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As Italy now surpasses China in total deaths as a result of the global COVID-19 pandemic, the European country’s health care system has been hit hard and is struggling to keep up with the flood of critical patients in its hospitals. The death toll in Italy exceeded 5,000 lives lost, as of Monday.
Like many impacted countries, Italy lacks sufficient masks and gloves for their doctors and nurses, and most critically — ventilators. Because the novel coronavirus is a respiratory illness that can wreak havoc a patient’s lungs, in some cases a patient can require a ventilator to breathe for them and keep them alive.
Alessandro Romaioli (left), and Cristian Fracassi (right) of Isinnova with their 3D-printed ventilator valves.
One such hospital is in Chiari, in the province of Brescia in northern Italy. The surrounding region, Lombardy, is one of the epicenters of the virus.
The hospital, located about an hour east of Milan, has been flooded with patients suffering from the coronavirus. When staff ran out of a crucial valve that connects to the ventilator, the hospital reached out to a local newspaper, to put out the call for help.
Fox News spoke with Isinnova, the Brescia-based business, that stepped up and answered that call. CEO and founder Cristian Fracassi said his staff of 14 were all working from home, as instructed, when he was contacted about the hospital’s needs.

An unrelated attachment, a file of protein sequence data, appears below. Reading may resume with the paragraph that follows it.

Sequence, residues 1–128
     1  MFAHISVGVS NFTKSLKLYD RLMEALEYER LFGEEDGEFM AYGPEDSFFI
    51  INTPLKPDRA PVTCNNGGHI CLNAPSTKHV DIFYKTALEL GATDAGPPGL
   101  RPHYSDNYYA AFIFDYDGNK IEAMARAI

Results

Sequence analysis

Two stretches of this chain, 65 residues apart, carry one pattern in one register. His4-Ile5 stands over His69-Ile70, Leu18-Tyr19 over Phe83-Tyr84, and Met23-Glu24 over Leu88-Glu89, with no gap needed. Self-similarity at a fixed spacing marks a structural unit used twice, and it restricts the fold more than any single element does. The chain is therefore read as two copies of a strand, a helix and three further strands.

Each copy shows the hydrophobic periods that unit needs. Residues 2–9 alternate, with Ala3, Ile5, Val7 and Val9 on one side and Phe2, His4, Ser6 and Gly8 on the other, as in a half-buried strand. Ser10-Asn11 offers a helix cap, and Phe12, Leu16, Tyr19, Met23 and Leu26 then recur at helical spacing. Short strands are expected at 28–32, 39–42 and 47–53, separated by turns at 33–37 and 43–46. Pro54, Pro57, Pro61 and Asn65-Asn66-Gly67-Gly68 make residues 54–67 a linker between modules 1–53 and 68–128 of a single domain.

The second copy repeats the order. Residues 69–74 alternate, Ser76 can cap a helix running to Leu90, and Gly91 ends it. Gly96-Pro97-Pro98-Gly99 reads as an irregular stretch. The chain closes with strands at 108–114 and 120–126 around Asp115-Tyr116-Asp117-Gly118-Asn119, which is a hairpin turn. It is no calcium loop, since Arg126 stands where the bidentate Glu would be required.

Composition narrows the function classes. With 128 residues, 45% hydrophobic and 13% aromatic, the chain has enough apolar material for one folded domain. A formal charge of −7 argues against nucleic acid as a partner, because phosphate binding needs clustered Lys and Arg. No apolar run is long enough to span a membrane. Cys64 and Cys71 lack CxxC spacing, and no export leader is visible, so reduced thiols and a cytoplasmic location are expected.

Engineer Romaioli and CEO Fracassi in their Brescia office.
Fracassi said Isinnova is a research center where staff often work on patents, innovative projects and prototypes but had only had one past client in the biomedical field before this week.
Interviewed via video call, Fracassi and his mechanical engineer Alessandro Romaioli said they were connected with the Ospedale di Chiari as soon as they heard about the need for the special lifesaving valves. The hospital was in crisis, they explained, and the manufacturer of the much-needed Venturi valves was unable to get a fresh supply to the hospital. Because the coronavirus pandemic constituted an emergency, Fracassi said that the hospital was permitted to look for outside help to solve the problem.
“The right piece is certified, so the hospital can be sure it doesn’t create any danger,” Romaoili explained, of the reason the hospital generally uses the same manufacturer during normal circumstances. But, because of massive supply chain delays, they had to be creative. “Because lives were in danger, the hospital can use [our 3D-printed version].”
A 3D-printed valve.
Isinnova said it contacted the manufacturer directly to ask for the plans in order to create a replica, but the request was denied.
Fracassi and Romaioli, along with two other employees, went into their office located a little over 15 miles from the hospital, and started brainstorming. They quickly came up with a solution: 3D printing.